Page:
|Publication number||US7506212 B2|
|Application number||US 11/283,574|
|Publication date||Mar 17, 2009|
|Filing date||Nov 17, 2005|
|Priority date||Nov 17, 2005|
|Also published as||US20070168743|
|Publication number||11283574, 283574, US 7506212 B2, US 7506212B2, US-B2-7506212, US7506212 B2, US7506212B2|
|Inventors||Ranjani Ramamurthy, Shriram Lakshmi, Raja D. Venugopal|
|Original Assignee||Microsoft Corporation|
|Export Citation||BiBTeX, EndNote, RefMan|
|Patent Citations (3), Referenced by (5), Classifications (5), Legal Events (5)|
|External Links: USPTO, USPTO Assignment, Espacenet|
One important type of software testing involves triggering exceptions in code under different conditions. An exception handling test is typically designed to be exhaustive so that all significant exceptions of the code are tested. Particularly, exhaustive exception handling testing is typically configured to simulate faults by executing through all possible paths of the code. The computing power and resources required to run through tens of millions of exception handling code paths in a typical server product can be daunting.
following presents a simplified summary of the disclosure in order to provide a basic understanding to the reader. This summary is not an extensive overview of the disclosure and it does not identify key/critical elements of the invention or delineate the scope of the invention. Its sole purpose is to present some concepts disclosed herein in a simplified form as a prelude to the more detailed description that is presented later.
The present example provides a distributed testing system for testing exception handling code paths. The system may include multiple workstations configured to distributively test an executable component for exception handling. Each workstation includes a local data structure with data indicating code paths that have been traversed by a test performed by the workstation. The system includes a central data structure that is accessible by the workstations. By synchronizing with the central data structure, the local data structures can include data about code paths that have been traversed by the other workstations in the system. Each workstation may use the synchronized, local data structure to determine previously traversed code paths and use this information to configure further tests.
Many of the attendant features will be more readily appreciated as the same becomes better understood by reference to the following detailed description considered in connection with the accompanying drawings.
The present description will be better understood from the following detailed description read in light of the accompanying drawings, wherein:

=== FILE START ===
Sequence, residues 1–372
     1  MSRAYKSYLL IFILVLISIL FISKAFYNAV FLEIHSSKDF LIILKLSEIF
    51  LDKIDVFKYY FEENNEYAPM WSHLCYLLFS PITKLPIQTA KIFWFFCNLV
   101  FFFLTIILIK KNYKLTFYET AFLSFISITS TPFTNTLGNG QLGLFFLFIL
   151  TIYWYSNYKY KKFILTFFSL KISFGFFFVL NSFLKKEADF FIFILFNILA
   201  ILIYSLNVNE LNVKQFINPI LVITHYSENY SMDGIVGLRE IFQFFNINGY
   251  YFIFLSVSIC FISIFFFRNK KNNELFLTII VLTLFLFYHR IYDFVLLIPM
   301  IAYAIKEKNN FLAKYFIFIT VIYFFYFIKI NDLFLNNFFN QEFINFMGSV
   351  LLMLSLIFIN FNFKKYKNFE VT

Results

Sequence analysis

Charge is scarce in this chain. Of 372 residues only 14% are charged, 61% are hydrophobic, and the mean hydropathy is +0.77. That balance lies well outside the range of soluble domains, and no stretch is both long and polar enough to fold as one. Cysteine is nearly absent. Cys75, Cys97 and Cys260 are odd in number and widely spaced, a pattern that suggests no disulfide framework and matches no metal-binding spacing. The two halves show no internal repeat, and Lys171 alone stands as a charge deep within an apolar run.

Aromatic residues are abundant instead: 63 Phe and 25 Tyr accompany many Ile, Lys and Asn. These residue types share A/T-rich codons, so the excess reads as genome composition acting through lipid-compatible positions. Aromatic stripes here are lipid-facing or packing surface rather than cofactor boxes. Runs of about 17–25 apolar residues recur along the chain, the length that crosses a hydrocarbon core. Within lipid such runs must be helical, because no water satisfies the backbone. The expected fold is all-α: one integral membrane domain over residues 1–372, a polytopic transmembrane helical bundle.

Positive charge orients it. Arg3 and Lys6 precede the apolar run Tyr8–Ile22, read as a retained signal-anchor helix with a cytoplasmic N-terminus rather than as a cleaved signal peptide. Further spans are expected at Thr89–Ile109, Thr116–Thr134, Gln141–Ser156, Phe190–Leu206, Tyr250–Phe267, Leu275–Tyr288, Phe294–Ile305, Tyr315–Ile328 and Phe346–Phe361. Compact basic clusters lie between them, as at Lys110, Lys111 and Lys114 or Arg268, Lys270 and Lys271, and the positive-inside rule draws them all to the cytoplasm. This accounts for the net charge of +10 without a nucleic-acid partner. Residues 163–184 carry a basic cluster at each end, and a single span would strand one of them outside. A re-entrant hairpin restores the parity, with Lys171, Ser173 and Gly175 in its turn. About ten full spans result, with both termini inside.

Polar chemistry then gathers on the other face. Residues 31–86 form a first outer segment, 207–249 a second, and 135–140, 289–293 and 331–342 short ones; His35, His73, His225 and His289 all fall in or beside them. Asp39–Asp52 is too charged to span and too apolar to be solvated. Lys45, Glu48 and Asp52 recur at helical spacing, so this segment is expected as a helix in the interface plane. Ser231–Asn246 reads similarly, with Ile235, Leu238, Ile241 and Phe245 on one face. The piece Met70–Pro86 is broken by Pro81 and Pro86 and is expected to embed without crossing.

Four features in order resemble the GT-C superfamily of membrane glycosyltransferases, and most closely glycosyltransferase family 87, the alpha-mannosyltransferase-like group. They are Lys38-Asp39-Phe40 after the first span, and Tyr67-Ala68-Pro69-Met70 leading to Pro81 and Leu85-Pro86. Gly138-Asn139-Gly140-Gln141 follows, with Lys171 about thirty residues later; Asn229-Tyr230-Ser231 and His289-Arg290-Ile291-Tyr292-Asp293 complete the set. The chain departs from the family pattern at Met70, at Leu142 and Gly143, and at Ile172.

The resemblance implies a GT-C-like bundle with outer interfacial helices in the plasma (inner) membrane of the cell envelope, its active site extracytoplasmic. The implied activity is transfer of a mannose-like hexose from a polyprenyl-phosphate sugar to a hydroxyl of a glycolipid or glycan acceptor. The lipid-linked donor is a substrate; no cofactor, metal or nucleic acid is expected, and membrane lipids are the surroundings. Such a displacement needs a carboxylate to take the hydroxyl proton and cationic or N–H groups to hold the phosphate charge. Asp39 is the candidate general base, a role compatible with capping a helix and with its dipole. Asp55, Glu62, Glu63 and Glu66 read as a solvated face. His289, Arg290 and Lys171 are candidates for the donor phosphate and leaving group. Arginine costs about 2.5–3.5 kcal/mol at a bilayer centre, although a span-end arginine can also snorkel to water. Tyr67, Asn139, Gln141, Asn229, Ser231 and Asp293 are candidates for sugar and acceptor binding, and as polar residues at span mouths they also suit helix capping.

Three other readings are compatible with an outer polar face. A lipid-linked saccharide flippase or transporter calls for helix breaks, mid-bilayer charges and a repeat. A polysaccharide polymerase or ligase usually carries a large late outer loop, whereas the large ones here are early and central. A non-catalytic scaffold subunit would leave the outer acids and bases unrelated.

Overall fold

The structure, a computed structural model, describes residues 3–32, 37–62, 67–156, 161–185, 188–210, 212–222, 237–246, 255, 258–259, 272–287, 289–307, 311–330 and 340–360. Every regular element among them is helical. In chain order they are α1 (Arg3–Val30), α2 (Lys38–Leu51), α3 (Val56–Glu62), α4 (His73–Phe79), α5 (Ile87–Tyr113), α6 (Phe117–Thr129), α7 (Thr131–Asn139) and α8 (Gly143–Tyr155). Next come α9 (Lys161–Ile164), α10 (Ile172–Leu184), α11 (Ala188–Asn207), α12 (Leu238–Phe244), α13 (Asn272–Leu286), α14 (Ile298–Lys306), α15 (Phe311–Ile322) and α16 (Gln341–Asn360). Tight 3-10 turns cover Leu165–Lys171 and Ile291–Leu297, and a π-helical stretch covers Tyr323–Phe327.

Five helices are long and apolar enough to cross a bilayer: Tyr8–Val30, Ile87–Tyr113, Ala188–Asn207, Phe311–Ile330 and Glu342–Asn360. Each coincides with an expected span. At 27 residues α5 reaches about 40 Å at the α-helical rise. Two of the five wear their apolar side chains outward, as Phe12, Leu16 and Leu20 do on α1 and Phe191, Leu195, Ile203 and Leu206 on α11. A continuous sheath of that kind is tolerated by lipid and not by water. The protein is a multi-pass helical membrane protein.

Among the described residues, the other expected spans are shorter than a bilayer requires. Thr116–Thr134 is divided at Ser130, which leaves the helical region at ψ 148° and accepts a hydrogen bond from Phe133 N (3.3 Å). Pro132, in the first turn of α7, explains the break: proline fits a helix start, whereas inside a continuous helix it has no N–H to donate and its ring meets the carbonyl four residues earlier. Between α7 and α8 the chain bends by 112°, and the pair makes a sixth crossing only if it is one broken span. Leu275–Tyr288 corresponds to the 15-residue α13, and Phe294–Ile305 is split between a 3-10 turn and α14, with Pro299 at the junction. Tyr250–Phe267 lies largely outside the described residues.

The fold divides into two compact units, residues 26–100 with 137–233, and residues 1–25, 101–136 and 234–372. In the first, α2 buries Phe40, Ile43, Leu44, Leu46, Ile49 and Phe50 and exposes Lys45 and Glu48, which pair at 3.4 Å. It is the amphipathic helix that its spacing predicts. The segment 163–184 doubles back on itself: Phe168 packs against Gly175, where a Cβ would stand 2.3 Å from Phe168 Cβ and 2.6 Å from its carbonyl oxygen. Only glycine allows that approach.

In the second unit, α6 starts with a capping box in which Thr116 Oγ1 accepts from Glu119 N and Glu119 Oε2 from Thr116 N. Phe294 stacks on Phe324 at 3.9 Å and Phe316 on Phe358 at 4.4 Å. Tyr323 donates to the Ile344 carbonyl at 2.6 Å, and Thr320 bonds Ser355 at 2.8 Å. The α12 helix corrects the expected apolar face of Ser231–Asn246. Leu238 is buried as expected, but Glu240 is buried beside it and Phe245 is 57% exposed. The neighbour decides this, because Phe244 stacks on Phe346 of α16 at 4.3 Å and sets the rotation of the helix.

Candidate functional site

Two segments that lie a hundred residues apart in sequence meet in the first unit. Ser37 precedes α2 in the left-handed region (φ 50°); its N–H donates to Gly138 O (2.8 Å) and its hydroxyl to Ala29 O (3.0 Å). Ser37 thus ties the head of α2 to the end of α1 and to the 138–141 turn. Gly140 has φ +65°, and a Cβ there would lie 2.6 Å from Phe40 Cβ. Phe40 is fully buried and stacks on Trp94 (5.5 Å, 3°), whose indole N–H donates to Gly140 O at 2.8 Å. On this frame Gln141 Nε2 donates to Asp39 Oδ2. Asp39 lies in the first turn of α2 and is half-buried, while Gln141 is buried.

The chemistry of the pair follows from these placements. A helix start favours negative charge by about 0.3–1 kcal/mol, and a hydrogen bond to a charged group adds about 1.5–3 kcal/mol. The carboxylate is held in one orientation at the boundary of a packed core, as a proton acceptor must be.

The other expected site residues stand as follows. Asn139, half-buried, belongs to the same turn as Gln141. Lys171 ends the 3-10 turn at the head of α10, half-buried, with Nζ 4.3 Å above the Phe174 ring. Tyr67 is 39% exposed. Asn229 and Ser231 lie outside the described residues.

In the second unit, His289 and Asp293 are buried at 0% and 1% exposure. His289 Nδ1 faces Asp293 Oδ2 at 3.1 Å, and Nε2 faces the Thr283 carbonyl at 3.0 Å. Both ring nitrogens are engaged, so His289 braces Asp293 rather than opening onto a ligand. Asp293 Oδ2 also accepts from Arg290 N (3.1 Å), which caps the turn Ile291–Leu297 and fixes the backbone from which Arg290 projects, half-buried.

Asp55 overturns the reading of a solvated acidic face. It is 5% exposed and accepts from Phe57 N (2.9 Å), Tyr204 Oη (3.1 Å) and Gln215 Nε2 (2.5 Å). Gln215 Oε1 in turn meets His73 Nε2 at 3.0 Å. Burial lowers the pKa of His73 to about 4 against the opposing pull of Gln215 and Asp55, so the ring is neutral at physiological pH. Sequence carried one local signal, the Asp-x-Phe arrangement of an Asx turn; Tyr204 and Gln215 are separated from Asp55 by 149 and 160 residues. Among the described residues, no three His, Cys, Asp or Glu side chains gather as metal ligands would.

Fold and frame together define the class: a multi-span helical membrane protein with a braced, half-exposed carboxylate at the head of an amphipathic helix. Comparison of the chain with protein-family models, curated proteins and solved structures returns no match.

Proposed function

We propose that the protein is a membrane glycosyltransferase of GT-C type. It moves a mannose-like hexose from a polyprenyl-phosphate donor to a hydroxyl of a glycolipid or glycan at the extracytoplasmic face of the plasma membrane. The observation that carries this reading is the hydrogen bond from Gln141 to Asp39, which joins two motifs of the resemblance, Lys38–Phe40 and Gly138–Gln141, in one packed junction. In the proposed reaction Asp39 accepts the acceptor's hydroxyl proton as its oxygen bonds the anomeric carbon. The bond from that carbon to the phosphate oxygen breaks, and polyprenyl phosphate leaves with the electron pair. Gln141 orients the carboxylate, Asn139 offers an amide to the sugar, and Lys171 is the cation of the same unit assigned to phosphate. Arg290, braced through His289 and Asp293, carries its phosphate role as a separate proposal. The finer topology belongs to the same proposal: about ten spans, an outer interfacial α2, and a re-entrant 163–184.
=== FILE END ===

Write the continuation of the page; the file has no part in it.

Like reference numerals are used to designate like parts in the accompanying drawings.
The detailed description provided below in connection with the appended drawings is intended as a description of the present examples and is not intended to represent the only forms in which the present example may be constructed or utilized. The description sets forth the functions of the example and the sequence of steps for constructing and operating the example. However, the same or equivalent functions and sequences may be accomplished by different examples.
Although the present examples are described and illustrated herein as being implemented in a distributed exception handling testing system, the system described is provided as an example and not a limitation. As those skilled in the art will appreciate, the present examples are suitable for application in a variety of different types of distributed computing systems.
Testing tools 112-115 are configured to test executable components, such as applications, operating systems, subroutines, functions, scripts, and the like. In particular, testing tools 112-115 are configured to determine the exceptions that can occur during the execution of an executable component. These exceptions may include any faults, such as program errors, memory faults, machine crashes, bugs, and the like. Testing tools 112-115 are also configured to perform distributed testing of a particular executable component. For example, testing tools 112-115 are typically arranged so that each tool is configured to test particular paths of the code associated with the executable component. As the code paths are traversed during a test, testing tools 112-115 may represent these traversed code paths by hashed stacks and persist the stacks on local call-stack stores 122-125.
Testing tools 112-115 is configured to interact with server 150 to provide and receive data associated with the testing of executable components. As shown in
The example stack synchronization process 200 shown in
Having synchronized call-stack stores further enables a testing system to be scalable and adaptable. In particular, a synchronized call-stack store allows newly added workstations to receive data regarding the current progress of the testing associated with the executable component and to immediately participate in the distributed testing.
At block 506, a code path is identified for testing. Typically, the workstation performs testing on code path that has not been identified by the code path data and, thus, has not been previously traversed. The test can be any type of test-like a regular functional test that exercises certain code paths. At block 508, testing is performed on the identified code path. At block 510, data about the tested code path is persisted in a local data store. The code path data may be stored as an entry in a call-stack store of the workstation as a hashed call-stack.